This was my first time at the St. Petersburg race, but the street course track felt familiar to the Long Beach race last year. Unlike the transition from minor league baseball to the pros where there are different stadium sizes and crowds, the Indy lights and IndyCars series are run on the same tracks on the same days.

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Charlie talking in his pit control center after qualifying

In many ways this felt like Charlie’s third year in the greater IndyCar series instead of being a rookie a new racing world.  The encouraging part about the day was how well he performed while on the racetrack. He stayed out of early trouble as other drivers took themselves out through crashes plus he made on-track passes.

The rookie mistakes, like the one he made today will pass and he will progress to finishing races and being a competitive force while being an ambassador for diabetes.

Mark Harmel

harmelphoto.com

On Twitter:

@HarmelPhoto

@MarkHarmel

Now on

Facebook

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Nov 19 2009

remembering jeanne-claude, collaborator with christo

The long time collaborator with environmental artist Christo died today in New York.

It was there back in 2005 that I saw their last project “The Gates” in Central Park. The beautiful saffron colored curtains of nylon brought the barren winter landscape to life. I was fortunate enough to be in New York the night that 6 inches of fresh snow fell. Seeing the snow start to fall at midnight I felt like a young boy on Christmas Eve looking forward to all the presents that would greet me in the morning.

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Woman with the perfect saffron parka taking a photo of "The Gates"

It seemed as though every other photographer in the city had the same idea and it was hard to keep out of each other’s pictures in the snow-covered park. I succeeded until I spotted this woman in a matching saffron parka. I stalked her until I captured this photo of her in front of a pond.

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Street lamp covered in snow

I had the pleasure of seeing two of their other installations, one here in Southern California and the other in Miami. When I was living in Florida I drove over to see “Surrounded Islands” where they created a pink ring around a number of islands in Biscayne Bay and in the Grapevine pass north of Los Angeles I was able to see “The Umbrellas”.  I both loved the visual impact of their projects and admired how they moved art out into public spaces. This created wonderful conversations about art from people in all walks of live, including those that rarely stepped into an art gallery or museum. To me this is their greatest contribution.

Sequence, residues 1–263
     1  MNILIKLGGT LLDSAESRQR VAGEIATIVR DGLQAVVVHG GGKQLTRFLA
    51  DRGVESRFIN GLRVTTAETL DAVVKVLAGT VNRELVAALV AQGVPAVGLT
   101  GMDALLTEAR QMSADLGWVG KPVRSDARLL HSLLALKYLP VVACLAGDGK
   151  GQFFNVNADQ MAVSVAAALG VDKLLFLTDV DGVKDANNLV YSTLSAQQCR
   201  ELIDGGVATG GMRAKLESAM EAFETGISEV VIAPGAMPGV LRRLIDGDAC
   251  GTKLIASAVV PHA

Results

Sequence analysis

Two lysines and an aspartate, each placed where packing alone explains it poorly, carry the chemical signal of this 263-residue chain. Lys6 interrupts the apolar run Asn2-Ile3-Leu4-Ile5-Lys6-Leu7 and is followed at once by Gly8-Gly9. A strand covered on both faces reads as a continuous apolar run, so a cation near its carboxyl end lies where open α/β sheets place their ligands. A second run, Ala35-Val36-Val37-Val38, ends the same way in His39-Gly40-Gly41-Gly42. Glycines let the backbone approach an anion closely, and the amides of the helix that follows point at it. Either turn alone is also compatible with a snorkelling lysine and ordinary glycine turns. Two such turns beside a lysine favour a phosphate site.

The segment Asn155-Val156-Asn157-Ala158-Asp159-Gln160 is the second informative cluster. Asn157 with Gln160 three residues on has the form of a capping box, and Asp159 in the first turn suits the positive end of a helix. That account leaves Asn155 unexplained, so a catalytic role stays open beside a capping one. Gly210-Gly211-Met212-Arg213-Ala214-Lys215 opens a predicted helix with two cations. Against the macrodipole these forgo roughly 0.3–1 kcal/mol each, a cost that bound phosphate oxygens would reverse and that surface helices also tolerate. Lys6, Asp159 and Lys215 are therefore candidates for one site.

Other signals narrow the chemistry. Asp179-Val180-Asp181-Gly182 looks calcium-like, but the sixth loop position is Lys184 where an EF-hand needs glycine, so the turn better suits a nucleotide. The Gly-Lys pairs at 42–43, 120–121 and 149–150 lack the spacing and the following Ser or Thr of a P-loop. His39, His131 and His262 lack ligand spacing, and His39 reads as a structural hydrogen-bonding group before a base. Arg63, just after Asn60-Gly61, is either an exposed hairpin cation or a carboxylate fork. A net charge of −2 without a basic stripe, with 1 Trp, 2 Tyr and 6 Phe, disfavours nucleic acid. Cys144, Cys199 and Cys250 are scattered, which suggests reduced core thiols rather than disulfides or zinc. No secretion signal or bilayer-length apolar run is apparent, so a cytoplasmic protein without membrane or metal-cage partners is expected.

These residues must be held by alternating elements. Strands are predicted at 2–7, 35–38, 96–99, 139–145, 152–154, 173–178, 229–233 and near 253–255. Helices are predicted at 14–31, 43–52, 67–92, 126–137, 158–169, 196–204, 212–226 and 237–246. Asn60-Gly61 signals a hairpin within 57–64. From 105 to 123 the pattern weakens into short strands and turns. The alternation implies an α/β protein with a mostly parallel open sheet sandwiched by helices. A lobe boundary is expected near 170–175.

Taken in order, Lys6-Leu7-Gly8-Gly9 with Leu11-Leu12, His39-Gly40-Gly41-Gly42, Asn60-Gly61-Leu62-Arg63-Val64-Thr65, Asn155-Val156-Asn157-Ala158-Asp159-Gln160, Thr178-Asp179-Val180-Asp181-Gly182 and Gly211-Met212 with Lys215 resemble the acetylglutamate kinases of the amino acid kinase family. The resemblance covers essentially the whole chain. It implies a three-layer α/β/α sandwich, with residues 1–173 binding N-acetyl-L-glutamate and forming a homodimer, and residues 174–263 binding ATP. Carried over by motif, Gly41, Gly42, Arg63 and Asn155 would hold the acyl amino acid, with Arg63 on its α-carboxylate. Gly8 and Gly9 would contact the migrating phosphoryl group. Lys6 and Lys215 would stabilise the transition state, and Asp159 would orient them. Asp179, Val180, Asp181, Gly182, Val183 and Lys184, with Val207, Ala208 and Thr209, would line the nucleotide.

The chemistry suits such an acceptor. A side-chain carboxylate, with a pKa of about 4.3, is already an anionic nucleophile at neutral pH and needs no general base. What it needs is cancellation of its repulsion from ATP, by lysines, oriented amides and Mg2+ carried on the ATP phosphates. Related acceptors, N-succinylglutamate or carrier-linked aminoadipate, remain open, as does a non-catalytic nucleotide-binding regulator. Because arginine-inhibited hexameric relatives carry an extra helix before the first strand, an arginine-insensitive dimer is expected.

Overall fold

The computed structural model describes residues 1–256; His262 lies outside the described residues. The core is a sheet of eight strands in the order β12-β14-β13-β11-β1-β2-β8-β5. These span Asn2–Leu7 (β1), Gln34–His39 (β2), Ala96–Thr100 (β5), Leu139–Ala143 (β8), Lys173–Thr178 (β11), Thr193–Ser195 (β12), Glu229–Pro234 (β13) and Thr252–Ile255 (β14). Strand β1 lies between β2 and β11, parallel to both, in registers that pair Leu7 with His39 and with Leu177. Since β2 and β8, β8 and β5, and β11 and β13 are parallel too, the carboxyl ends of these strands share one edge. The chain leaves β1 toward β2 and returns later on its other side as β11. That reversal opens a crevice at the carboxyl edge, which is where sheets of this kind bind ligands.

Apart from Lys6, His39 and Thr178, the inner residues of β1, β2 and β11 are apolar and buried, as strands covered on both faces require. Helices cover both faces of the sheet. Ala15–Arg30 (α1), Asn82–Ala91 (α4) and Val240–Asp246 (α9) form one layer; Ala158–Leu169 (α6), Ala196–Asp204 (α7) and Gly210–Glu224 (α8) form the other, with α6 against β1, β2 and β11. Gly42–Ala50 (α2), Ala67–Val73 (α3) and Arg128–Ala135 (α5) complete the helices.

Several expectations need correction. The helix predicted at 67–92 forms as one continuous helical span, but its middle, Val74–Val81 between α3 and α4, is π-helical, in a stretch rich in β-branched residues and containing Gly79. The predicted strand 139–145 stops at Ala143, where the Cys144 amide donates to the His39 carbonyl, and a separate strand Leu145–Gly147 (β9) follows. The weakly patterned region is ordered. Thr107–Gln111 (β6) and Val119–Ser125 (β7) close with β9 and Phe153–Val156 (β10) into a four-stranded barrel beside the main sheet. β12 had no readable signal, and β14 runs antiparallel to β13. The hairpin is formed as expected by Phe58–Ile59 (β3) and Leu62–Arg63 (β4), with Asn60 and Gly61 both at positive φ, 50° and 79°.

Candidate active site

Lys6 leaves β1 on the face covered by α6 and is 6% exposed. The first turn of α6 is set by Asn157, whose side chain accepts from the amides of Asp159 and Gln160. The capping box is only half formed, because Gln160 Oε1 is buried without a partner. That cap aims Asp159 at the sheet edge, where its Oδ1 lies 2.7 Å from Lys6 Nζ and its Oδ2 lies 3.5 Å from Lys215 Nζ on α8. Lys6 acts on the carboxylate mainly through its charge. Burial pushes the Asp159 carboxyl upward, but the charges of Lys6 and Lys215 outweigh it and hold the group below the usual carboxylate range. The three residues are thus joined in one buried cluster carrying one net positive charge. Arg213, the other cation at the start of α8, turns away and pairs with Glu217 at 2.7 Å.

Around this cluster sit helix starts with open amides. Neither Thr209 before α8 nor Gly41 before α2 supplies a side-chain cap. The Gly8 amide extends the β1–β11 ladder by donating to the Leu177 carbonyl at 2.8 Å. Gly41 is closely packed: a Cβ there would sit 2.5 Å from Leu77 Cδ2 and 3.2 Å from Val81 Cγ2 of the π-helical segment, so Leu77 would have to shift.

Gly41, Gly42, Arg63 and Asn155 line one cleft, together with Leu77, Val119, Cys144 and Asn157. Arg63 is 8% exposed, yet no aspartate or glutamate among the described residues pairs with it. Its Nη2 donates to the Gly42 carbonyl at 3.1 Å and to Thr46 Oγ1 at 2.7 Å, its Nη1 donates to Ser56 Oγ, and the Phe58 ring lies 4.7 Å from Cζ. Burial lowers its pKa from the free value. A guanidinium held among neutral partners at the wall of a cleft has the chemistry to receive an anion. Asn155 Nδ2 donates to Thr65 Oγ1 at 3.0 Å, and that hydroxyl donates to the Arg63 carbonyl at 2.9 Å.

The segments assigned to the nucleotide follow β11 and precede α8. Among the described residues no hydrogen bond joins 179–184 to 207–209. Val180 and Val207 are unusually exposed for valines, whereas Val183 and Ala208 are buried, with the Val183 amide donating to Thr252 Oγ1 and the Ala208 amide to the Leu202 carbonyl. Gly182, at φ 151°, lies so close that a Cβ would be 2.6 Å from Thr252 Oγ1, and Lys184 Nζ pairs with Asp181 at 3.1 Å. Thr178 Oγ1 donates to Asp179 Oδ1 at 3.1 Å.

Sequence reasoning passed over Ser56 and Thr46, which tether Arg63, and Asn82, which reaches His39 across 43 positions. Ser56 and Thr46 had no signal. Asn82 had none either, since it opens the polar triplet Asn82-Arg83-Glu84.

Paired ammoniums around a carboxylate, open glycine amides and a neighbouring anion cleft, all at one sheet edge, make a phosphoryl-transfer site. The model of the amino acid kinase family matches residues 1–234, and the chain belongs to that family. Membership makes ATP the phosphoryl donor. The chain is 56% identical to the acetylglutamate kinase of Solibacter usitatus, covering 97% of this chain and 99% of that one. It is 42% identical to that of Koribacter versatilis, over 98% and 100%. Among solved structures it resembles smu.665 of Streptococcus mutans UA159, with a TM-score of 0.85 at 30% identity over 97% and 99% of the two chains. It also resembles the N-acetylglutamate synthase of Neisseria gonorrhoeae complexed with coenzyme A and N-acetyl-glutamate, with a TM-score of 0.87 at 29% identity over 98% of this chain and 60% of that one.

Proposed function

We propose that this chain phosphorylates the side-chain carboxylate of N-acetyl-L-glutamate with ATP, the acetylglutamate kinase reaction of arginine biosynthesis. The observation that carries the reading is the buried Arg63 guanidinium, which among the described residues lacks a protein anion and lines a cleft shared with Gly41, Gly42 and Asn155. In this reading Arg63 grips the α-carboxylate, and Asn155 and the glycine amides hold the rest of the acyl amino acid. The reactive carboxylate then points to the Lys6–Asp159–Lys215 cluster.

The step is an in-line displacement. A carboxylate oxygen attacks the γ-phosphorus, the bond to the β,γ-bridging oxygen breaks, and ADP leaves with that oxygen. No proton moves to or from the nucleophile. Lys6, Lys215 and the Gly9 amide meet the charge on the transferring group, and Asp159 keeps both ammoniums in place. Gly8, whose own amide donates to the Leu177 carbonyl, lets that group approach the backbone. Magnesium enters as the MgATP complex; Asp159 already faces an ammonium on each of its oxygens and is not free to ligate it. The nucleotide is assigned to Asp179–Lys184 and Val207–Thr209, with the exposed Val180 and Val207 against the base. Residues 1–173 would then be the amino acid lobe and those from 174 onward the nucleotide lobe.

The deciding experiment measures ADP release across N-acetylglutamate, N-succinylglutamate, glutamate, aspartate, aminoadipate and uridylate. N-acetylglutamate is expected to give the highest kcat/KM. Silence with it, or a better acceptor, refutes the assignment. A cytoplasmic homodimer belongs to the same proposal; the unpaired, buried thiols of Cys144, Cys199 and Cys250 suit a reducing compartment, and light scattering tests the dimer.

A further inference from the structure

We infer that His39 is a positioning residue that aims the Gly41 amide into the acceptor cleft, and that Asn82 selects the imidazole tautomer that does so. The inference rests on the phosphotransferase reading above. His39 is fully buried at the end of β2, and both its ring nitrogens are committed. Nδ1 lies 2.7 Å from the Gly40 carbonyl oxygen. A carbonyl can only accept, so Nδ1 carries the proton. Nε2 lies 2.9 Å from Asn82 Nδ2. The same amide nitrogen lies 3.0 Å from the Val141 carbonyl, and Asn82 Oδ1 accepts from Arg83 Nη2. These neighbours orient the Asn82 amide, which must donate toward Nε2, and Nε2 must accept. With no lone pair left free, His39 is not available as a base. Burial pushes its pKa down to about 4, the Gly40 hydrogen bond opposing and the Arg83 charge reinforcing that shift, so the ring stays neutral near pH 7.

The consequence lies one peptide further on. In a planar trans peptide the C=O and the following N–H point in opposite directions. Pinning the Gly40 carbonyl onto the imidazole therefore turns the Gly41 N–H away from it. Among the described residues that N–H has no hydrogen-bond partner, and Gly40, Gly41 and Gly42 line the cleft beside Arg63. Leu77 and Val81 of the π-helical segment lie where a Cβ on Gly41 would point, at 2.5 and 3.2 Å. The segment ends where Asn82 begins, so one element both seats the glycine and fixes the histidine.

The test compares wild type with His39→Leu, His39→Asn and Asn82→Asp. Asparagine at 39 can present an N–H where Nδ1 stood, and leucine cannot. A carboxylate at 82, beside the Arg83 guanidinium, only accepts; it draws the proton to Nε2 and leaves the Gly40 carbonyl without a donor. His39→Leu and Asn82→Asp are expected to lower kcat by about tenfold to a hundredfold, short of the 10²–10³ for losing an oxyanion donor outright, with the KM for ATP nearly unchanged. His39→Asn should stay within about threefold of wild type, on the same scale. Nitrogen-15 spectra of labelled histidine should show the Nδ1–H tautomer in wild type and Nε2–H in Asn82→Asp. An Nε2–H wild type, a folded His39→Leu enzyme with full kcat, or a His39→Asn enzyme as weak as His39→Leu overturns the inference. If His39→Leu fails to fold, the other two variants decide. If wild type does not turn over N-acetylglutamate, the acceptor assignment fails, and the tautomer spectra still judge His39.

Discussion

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Snow covered tree branch and a series of panels

I’m happy to report that a series of my photos of “The Gates” was selected to appear in the 2005 Communication Arts Photography Annual and the page was used to promote the 2006 competition.

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My Gates series was used to promote the CA 2006 competition

I look forward to seeing the completion of some of the team’s work in progress.

Postcript: As I was writing this post I wondered if my friend John Lizvey had any of his photos of the “The Umbrellas” project. He was ambitious enough to go out in the middle of the night, and shot the installation by moonlight when the umbrellas were free from most of the crowds and traffic – except for a Sheriff’s cruiser that roared up and caused a broken lens as John yanked his tripod from the middle of the road. The price we pay to make art.

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John Lizvey's moonlight photo of "The Umbrellas"

Mark Harmel

harmelphoto.com

@MarkHarmel

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Nov 09 2009

the best iPhone photography app

Much of the talk about using the iPhone camera surrounds additional apps that you can use to tint, crop, zoom or selectively focus your photos. There are titles that bounce around the internet like Must-have apps for iPhone photographersThe Five Best iPhone Apps For Travel Photography and The Best Camera “ecosystem”.

I find some of the apps useful for making it easier to crop, adjust the exposure and upload to a photo sharing site; but I find that most of the tinting and special effects features to be cheap tricks. Most of the time the app will simply transform a bad photo into a bad photo with a blue tint.

To me, the most most important app is the person taking the photo.

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Surfer on the Venice Beach boardwalk

The beauty of the iPhone is that it’s always with you. The camera function is both very easy to use and at the same time very hard because it’s such a simple camera. The camera works great for basic snapshots of friends, but I wanted to see how it would perform in the stress test of the Venice Beach boardwalk.

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Beach visiter taking a cool drink by the iconic wooden umbrella clusters